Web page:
Miriam Farhi is a partner in law firm Perkins Coie’s Technology Transactions & Privacy practice, where she focuses on advising retail, luxury, and technology companies on privacy and data security issues. She discusses the impact of the newly enacted California Consumer Privacy Act (CCPA), its key differences from the General Data Protection Regulation (GDPR) and why retailers should be prepared to respond to new enforcement measures.
Luxury Law Alliance: How has the fashion industry – particularly in the luxury space – been affected by the California Consumer Privacy Act?
Miriam Farhi: The CCPA went into effect in January 2020, but enforcement did not begin until July, so we are in the early stages of understanding the law’s impact on the fashion industry. Many of our clients have been working carefully to prepare for CCPA compliance and have invested time and resources to respond to their new obligations under the law. Covid-19 has accelerated the pressure on many retailers to get up-to-speed on data compliance issues. As brick and mortar stores shut down, the luxury brands who may have been slower to embrace e-commerce are adopting new technologies and digital strategies.
I have a number of clients in the beauty space, for instance, that are experimenting with AR/VR so customers can try on products in a digital context. Other clients, who have traditionally offered only physical products, like apparel, are engaging customers by providing new offerings, like online workout classes, self-care tutorials, or virtual fitting rooms. All of these technologies involve the collection of more (and new) types of data, which means there are privacy and data security considerations companies need to work through, including compliance with the CCPA.
LLA: What is the primary guidance you would offer to companies that are just starting to think about their compliance programs?
MF: It’s important for companies to know their data and understand their information practices. This means building out a comprehensive data map or inventory that provides an accurate, up-to-date view of how a company is collecting information from consumers, what type of information is collected, and how they use, store, share and protect consumer data. Mapping out the data and its life cycle throughout the company is foundational.
LLA: What are some of the key differences between the GDPR and CCPA that luxury brands should consider?
MF: This is a really important issue because there can be misconceptions about the differences between the two laws, especially for companies based in Europe. After completing the time-consuming and expensive work to comply with GDPR, such companies often think they are well-positioned for the CCPA, and that’s not necessarily the case.
GDPR compliance certainly helps companies address their CCPA obligations because, for example, they will already have a good understanding of their data practices and an up-to-date record of processing or data map. But there are important differences that have business impacts. The CCPA, for instance, imposes significant obligations on businesses that “sell” personal information or offer “financial incentives” – two concepts that are not addressed under the GDPR.
The CCPA has a very broad definition of “sale” and requires companies to add disclosures about any sales of personal information they engage in and to provide California consumers with the ability to opt out of this practice. Since “sale” is defined so broadly, we work with clients to assess their data sharing practices – including those in the ad tech space – to determine whether or not they are selling personal information.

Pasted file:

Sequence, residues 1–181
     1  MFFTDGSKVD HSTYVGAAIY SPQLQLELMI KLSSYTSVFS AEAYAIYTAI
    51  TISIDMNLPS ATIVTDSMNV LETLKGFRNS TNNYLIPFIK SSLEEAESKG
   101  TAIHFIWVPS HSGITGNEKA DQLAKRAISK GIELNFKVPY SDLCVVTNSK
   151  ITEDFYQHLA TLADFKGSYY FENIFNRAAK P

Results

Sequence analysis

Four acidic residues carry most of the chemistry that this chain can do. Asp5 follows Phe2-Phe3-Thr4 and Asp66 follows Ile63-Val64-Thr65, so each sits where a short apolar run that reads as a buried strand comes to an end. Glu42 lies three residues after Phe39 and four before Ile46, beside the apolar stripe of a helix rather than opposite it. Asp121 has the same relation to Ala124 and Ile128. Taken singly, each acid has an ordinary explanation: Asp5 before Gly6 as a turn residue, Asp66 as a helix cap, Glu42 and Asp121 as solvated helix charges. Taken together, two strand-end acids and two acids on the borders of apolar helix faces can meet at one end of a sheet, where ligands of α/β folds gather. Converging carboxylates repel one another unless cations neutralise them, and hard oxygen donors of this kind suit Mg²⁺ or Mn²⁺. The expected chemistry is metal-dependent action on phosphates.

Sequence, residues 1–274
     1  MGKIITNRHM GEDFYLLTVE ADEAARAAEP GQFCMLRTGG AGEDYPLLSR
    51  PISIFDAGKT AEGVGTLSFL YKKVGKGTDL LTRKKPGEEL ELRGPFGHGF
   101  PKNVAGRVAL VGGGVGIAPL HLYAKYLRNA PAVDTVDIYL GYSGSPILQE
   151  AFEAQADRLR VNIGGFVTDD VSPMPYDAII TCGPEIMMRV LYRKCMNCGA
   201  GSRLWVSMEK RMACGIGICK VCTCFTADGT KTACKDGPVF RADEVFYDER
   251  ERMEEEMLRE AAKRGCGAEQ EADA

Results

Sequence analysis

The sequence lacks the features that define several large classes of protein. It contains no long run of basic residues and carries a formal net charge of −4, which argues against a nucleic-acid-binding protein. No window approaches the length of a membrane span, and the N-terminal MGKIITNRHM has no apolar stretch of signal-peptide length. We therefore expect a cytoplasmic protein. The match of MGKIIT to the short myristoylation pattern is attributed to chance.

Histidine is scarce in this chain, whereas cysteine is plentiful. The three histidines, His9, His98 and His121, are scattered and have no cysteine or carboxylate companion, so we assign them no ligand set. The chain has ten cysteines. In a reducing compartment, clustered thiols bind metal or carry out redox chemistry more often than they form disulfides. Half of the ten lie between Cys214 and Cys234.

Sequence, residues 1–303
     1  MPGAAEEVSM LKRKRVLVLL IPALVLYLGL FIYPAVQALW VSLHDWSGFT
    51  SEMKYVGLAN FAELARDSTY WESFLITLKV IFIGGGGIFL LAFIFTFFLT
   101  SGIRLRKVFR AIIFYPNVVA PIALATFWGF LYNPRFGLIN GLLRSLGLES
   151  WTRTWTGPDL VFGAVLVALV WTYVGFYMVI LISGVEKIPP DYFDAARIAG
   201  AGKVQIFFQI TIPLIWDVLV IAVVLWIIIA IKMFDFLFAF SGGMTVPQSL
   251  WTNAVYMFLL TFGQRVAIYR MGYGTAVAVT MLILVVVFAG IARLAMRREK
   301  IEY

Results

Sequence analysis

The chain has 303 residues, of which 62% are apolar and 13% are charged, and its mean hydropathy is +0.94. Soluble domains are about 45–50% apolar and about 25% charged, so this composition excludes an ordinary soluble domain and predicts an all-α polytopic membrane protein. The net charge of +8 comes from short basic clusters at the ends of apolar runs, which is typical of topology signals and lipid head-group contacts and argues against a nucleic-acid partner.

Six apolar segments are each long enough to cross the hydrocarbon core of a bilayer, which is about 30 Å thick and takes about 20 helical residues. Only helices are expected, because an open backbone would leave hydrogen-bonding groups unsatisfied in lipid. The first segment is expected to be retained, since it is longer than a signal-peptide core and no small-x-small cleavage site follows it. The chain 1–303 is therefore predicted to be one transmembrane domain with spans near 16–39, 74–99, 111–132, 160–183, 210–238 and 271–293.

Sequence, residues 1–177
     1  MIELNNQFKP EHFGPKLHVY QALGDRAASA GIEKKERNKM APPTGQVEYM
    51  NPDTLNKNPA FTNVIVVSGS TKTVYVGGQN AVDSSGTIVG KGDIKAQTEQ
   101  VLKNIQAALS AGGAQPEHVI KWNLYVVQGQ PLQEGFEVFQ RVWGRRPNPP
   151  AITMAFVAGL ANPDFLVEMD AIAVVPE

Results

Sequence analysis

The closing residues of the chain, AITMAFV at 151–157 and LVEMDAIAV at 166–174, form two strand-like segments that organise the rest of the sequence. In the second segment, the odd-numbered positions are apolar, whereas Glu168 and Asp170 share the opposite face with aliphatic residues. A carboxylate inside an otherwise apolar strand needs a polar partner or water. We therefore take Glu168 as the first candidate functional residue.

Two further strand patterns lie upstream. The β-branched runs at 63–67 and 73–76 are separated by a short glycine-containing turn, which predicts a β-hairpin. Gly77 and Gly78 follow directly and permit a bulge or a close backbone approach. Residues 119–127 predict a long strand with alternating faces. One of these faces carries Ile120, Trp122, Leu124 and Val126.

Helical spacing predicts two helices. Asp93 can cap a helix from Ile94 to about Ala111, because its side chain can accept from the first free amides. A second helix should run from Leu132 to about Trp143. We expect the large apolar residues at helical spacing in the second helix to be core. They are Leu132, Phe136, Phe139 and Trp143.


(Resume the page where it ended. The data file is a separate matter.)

The CCPA regulations also provide fairly onerous requirements around what a company has to do if they offer discounts or other benefits in exchange for the collection, retention or sale of personal information. For example, companies that offer a discount in exchange for a consumer’s email address (e.g., sign up for our newsletter and get 10% off your next purchase) may be required to provide additional information to consumers, such as a description of the material terms of the offer, how the consumer can opt-out of the offer, and a good-faith estimate of the value of the consumer’s data. Wherever possible, we work with companies to leverage the work they did for GDPR compliance and build from there to address their CCPA obligations, but it’s critical to understand and respond to the differences.
LLA: How will CCPA enforcement be affected by Covid-19?
MF: Enforcement of the law is underway. The California Attorney General has already issued of notices of potential violations, giving businesses 30 days to become compliant with the law. We’ve also seen the first wave of CCPA-related class action litigation, with more than 70 cases filed that cite CCPA violations in their complaints.
LLA: What can we expect in the near future?
MF: It’s important to remember that California tends to pave the way for other states when it comes to consumer protection and privacy in the U.S. I expect that this will be no different and that more states will introduce and enact comprehensive consumer privacy legislation. We may also see a federal privacy law, akin to the GDPR.
This underscores the importance of investing in a privacy compliance program now. Building a framework and establishing processes to manage personal data will make it easier to address new legal obligations as they arise.